Benefits of Cassava for Health and How to Process It

Benefits of Cassava for Health and How to Process It

In addition to rice, cassava is a staple food that is widely consumed by the people of Indonesia. Besides being delicious, it turns out that there are several health benefits of cassava. To find out what these benefits are, let's look at the following reviews.

Cassava is a staple food for most of the world's population, especially those living in tropical regions, such as South America, Africa, and Asia.

Cassava contains various nutrients which include:
  • Carbohydrate.
  • Proteins.
  • Fiber.
  • Minerals, including potassium, magnesium, phosphorus, and calcium.
  • Vitamins, namely vitamin C and vitamin A.
  • Water.

What are the Benefits of Cassava for Health?

Because of its diverse nutritional content, cassava is considered to have health benefits, such as:

Increase energy

Cassava contains high enough calories. In 100 grams of cassava, contained 110-150 calories. This number of calories is higher than the calories in other types of tubers, such as potatoes and sweet potatoes. Therefore, you can get extra energy to carry out daily activities if you eat cassava.

Is a source of fiber and complex carbohydrates

In addition to calories, cassava is also rich in complex carbohydrates and fiber. Both of these nutrients function to maintain a healthy digestive tract, reduce inflammation, and control blood sugar levels. When blood sugar levels are controlled, the risk of type 2 diabetes and obesity will also be lower.

Even so, the benefits of cassava in stabilizing blood sugar levels still need to be studied further.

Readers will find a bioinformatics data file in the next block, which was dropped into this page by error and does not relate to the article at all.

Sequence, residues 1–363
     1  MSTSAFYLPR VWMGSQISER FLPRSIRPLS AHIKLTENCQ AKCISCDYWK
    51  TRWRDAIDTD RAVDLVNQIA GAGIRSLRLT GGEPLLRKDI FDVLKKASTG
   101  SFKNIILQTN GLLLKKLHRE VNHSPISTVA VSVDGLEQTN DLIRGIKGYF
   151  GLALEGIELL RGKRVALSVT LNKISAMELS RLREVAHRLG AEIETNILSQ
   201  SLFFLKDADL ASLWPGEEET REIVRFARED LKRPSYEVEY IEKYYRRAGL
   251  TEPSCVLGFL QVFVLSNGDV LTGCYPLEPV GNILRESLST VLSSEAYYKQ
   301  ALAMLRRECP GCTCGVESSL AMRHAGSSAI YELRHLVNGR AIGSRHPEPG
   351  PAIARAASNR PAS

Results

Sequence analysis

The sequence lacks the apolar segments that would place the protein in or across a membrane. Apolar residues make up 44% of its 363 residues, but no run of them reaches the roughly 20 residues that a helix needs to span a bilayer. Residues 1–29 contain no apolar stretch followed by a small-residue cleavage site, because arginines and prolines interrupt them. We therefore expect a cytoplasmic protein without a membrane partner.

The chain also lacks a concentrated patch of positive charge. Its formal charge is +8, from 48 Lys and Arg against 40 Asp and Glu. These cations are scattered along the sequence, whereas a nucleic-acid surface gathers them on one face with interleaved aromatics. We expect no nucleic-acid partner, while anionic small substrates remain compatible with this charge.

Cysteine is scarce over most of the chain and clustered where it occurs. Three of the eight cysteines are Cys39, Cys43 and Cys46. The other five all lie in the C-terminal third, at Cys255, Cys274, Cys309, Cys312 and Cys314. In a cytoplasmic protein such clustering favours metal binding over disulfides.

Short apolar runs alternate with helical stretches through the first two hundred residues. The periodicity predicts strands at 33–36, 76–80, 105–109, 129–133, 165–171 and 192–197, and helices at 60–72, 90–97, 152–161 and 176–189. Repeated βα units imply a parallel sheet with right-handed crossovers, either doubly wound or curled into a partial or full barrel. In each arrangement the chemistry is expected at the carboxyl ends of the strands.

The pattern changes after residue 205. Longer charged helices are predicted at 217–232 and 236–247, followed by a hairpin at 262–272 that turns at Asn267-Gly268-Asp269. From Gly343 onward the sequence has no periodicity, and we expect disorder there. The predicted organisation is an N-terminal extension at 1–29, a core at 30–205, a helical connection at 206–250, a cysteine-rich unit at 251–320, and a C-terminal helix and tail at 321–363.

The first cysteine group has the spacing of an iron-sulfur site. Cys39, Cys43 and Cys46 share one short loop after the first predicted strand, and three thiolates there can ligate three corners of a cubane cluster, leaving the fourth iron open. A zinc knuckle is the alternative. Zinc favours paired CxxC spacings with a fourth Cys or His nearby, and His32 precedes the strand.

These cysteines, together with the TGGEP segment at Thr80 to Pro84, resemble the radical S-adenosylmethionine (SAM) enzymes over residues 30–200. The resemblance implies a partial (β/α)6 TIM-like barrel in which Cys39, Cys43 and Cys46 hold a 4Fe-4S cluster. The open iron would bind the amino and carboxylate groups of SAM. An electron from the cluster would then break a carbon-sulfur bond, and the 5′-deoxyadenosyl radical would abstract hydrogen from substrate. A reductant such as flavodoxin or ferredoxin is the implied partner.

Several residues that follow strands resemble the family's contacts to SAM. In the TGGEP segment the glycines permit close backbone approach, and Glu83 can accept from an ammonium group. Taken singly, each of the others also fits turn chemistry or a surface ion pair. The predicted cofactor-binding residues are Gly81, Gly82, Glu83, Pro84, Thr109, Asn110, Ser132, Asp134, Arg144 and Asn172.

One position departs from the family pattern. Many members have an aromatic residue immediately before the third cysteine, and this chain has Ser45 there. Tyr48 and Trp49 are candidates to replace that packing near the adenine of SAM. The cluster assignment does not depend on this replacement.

Has a good antioxidant content

Other benefits of cassava can be obtained from the content of vitamin C, vitamin A, and beta-carotene in it. Vitamin C and vitamin A are antioxidants that function to protect the body from the effects of free radicals, prevent heart disease, to overcome wrinkles on the skin.

While beta-carotene serves to increase endurance, prevent recurrence of asthma symptoms, reduce the risk of cancer, and is good for skin and eye health. Intake of this nutrient can also prevent various eye diseases, such as cataracts and age-related macular degeneration (AMD).

In addition to the above benefits, cassava is also claimed to be used as an alternative medicine to treat fatigue, diarrhea, infections, fertility problems, and induce labor. However, the benefits of cassava as an alternative medicine have not been medically proven.

Facts You Need to Know Before Consuming Cassava

Although there are many health benefits of cassava, you need to consume it with caution. Here are some things you need to pay attention to regarding this plant:
  • Cassava contains chemicals called cyanogenic glycosides. These chemicals can release cyanide in the body. Therefore, cassava must be processed properly before eating to prevent cyanide poisoning.
  • Consuming too much cassava during pregnancy and breastfeeding is also not safe. Consuming too much cassava during pregnancy is thought to increase the risk of the baby having birth defects and thyroid disorders.
  • Cassava is known to reduce the amount of iodine absorbed by the body. Therefore, consuming cassava too often in large quantities has the potential to cause an iodine deficiency.
  • Consuming cassava can reduce thyroid hormone levels in the body. You should not eat cassava if you suffer from thyroid disease or are undergoing thyroid hormone replacement therapy.

How to Process Cassava Correctly

To eat cassava, make sure you process it properly. Although processing can reduce the nutrients contained in cassava, this needs to be done to remove harmful cyanide substances in cassava.

To be safer for consumption, cassava needs to be processed by peeling the skin first, then soaking the white part of the stem in clean water for 48-60 hours.

After the soaking process is complete, continue to cook the cassava until it is completely cooked. You can fry, boil, or steam cassava for at least 25 minutes. This is to prevent cyanide poisoning from consuming raw or undercooked cassava.

Consult a nutritionist to find out the safe amount in consuming cassava. In addition to determining the dose of consumption, the doctor can also recommend other foods to complement the daily nutrients your body needs.